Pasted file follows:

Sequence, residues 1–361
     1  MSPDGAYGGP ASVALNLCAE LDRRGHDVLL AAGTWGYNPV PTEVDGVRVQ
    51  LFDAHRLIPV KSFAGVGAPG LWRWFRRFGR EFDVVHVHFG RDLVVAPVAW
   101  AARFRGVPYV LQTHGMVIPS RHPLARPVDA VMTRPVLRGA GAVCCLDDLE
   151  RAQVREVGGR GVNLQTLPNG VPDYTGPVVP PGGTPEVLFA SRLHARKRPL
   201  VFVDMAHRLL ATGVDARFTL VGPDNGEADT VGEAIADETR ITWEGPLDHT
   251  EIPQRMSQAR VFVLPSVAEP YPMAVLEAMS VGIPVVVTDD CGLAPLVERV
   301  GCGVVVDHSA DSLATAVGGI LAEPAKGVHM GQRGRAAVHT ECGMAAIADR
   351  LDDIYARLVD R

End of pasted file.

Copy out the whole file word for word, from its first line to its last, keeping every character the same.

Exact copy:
Sequence, residues 1–361
     1  MSPDGAYGGP ASVALNLCAE LDRRGHDVLL AAGTWGYNPV PTEVDGVRVQ
    51  LFDAHRLIPV KSFAGVGAPG LWRWFRRFGR EFDVVHVHFG RDLVVAPVAW
   101  AARFRGVPYV LQTHGMVIPS RHPLARPVDA VMTRPVLRGA GAVCCLDDLE
   151  RAQVREVGGR GVNLQTLPNG VPDYTGPVVP PGGTPEVLFA SRLHARKRPL
   201  VFVDMAHRLL ATGVDARFTL VGPDNGEADT VGEAIADETR ITWEGPLDHT
   251  EIPQRMSQAR VFVLPSVAEP YPMAVLEAMS VGIPVVVTDD CGLAPLVERV
   301  GCGVVVDHSA DSLATAVGGI LAEPAKGVHM GQRGRAAVHT ECGMAAIADR
   351  LDDIYARLVD R